“They were afraid of being arrested, being charged, being blacklisted. But now, I’ve noticed that my friends also are more and more willing to join this movement … Even more, I’ve found that the young people in high school, or in elementary school, are getting more and more active.”
Omar Noonanunt, another Thammasat University student and a representative of the WeWatch election monitor group, said the ability to get people into the streets with protests is the real measure of political strength in Thailand.
“The ultimate goal is trying to grip power to mobilise the people, and how many people is the mark of success,” he said.
Though recent protests, including last month’s “run against dictatorship” demonstrations, drew large numbers into the public space, Noonanunt said he was waiting for even bigger action. “I don’t take protests seriously until you sleep in, really occupy the street.”
Thailand has been no stranger to those kinds of mobilisations in the past, but even those well-versed in the history are adapting to new political terrain.
Eakpant Pindavanija is the director of the Institute of Human Rights and Peace Studies at Mahidol University in the Bangkok suburbs. He says he often gets questions from people hoping to draw from historical experience to navigate what’s happening now.
“What I tell them is that we’re all experiencing this together,” he says with a laugh. “This isn’t getting close to what we’d call a democracy. We have an elected government, we have parliament – that is something better than the junta government, military rule. But the other things, not much has changed, because there’s a continuity for authoritarian groups.”
Eakpant still has hopes the parliament can deliver change in Thailand, but admits that hope is fraught with peril, especially given the lessons of the past year with FFP. He described the opposition group as “innovative” in breaking the mould of Thai politics – long divided between the anti-military Red Shirts and the Yellow Shirt royalist camp.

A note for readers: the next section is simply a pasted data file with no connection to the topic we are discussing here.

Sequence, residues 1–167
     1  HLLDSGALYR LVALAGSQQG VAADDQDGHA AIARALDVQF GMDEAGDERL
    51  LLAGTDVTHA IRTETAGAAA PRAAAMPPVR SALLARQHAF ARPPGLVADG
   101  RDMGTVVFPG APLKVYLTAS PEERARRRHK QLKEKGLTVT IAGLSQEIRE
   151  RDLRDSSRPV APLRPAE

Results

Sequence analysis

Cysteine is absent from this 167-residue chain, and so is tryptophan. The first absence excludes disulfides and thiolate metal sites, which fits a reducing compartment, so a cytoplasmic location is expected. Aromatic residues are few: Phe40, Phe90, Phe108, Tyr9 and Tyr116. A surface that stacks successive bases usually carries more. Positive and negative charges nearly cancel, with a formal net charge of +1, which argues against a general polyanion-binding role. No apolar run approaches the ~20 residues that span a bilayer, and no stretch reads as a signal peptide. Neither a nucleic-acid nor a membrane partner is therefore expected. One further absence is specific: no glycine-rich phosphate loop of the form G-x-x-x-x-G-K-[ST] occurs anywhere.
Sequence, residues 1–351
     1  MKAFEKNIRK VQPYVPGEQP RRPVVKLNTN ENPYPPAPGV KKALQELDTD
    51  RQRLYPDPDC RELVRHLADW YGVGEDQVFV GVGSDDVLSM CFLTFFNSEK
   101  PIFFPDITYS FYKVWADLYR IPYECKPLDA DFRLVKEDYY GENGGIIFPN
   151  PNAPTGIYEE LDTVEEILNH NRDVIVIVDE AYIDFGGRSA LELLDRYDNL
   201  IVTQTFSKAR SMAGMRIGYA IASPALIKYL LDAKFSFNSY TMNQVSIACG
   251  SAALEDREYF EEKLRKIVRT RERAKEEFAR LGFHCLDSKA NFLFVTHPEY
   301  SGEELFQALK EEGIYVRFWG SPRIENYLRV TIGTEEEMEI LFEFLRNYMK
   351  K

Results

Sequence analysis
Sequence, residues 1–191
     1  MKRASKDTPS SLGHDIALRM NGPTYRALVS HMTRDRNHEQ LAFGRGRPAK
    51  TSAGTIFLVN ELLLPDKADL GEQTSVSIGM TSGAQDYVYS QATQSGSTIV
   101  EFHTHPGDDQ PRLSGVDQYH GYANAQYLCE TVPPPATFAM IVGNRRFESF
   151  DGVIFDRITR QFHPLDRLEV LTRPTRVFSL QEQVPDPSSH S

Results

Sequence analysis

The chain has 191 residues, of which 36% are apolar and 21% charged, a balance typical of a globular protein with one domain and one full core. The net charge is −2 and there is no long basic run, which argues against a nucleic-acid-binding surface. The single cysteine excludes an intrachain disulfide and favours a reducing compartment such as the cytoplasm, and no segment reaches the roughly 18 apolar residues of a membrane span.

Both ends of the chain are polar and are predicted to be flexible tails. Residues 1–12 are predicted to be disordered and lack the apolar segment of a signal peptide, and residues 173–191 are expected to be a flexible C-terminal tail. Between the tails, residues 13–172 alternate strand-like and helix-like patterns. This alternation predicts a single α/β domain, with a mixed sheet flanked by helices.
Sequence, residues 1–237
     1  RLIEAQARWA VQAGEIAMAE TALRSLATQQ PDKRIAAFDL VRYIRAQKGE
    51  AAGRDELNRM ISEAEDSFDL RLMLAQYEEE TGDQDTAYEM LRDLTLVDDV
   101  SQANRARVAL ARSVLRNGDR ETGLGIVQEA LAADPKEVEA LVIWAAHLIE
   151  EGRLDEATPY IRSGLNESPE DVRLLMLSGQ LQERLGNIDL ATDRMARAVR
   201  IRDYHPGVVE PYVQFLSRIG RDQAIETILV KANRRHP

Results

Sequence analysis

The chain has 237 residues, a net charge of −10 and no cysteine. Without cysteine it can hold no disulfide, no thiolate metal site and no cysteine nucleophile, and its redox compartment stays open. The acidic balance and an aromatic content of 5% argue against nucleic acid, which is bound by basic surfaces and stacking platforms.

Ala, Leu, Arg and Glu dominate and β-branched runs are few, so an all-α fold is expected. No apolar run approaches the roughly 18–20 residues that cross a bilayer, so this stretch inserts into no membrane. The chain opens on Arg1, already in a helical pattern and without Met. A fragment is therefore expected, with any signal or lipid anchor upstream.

He offered a word of warning to “all-powerful” leaders, saying they should be cautious in their suppression of democratic tendencies among the public.
“The reactions of youth to disenfranchisement is different,” he said. “The new generation is mainly on social media, on Twitter and everything else. But that doesn’t mean there’s no action on the street. It depends on their tolerance and how much their comfort zone is invaded.”
For his part, Thanathorn has all but promised more protests to come. He told the Globe earlier this week that if his party is dissolved by the Constitutional Court on Friday, the public can expect to see renewed protests as soon as March. Thanathorn also said he and his second-in-command Piyatabutr would lead a “social movement” to push action from outside parliament.
While less than two days before Friday’s ruling, Thanathorn told the Bangkok Post he was confident his party would survive this latest challenge, James Buchanan, a researcher of Thai politics with City University of Hong Kong, was less optimistic.
“It seems quite certain,” Buchanan told the Globe, regarding FFP’s dissolution. “I wouldn’t say definite, but at some point I’d say yes. I don’t know if it’ll be this next [court case] that’s upcoming.”
There were some young people who were a little naive, thought their time had come, they’d get rid of Prayut, but then it didn’t really happen like thatJames Buchanan, a researcher of Thai politics with City University of Hong Kong
Buchanan’s research focuses on mass mobilisations. He assessed the recent arc of Thai politics through that lens, looking to disillusionment after last year’s election as a potential trigger for future action.
“I think there were some young people who were a little naive, thought their time had come, they’d get rid of Prayut [Prime Minister Chan-o-cha], but then it didn’t really happen like that. I think some of them were quite devastated, and then that also kind of faded into anger, grievance, possibly turning them from voters into potential activists.”
He thought there could be fertile ground for that conversion, naming as key factors the apparent mood of simmering public resentment and the resources now available to the public, including the leadership of Thanathorn and other emerging figures. Another deciding factor could be the alliances between a new generation of protesters and the more tested mettle of the older Red Shirts.
“Now there’s come along someone new, someone fresher, who is idealistic and could potentially do that, play that leadership role,” Buchanan said of Thanathorn. “Whether or not he will, that’s the quesiton. There are a lot of people now who are ready to be mobilised. Now it’s up to Thanathorn [or someone else] to decide whether he wants to mobilise them.”
Alexander had a similar view on the conditions needed for effective mobilisation.
“These people, the younger ones, were not activists before. They’re not activists now. They might vent on social media, but they’re not generally the type to take it to the streets, like the Red Shirts, who are largely associated with Pheu Thai Party. So to turn this into a mass movement, a street protest type of movement, [FFP] needs more support than just younger people or a few hardened, seasoned activists.”